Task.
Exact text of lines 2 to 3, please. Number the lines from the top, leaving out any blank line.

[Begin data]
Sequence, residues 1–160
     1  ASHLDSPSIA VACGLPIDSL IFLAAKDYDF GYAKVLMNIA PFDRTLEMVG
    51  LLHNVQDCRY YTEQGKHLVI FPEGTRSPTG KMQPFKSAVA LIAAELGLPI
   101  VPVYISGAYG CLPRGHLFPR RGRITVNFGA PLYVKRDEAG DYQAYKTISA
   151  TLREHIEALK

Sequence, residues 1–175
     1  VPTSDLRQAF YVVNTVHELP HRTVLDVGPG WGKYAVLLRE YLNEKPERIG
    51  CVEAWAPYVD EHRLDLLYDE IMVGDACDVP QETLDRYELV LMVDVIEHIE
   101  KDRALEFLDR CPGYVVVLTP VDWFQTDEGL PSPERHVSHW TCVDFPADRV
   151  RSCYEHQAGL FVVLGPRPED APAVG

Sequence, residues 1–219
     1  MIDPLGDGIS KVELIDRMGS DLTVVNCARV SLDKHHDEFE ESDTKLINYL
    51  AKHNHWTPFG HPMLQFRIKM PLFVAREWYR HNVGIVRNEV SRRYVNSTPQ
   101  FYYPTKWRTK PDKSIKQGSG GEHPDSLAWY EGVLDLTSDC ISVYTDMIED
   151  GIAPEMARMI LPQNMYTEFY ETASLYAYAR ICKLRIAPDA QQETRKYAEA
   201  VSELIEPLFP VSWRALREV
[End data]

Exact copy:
     1  ASHLDSPSIA VACGLPIDSL IFLAAKDYDF GYAKVLMNIA PFDRTLEMVG
    51  LLHNVQDCRY YTEQGKHLVI FPEGTRSPTG KMQPFKSAVA LIAAELGLPI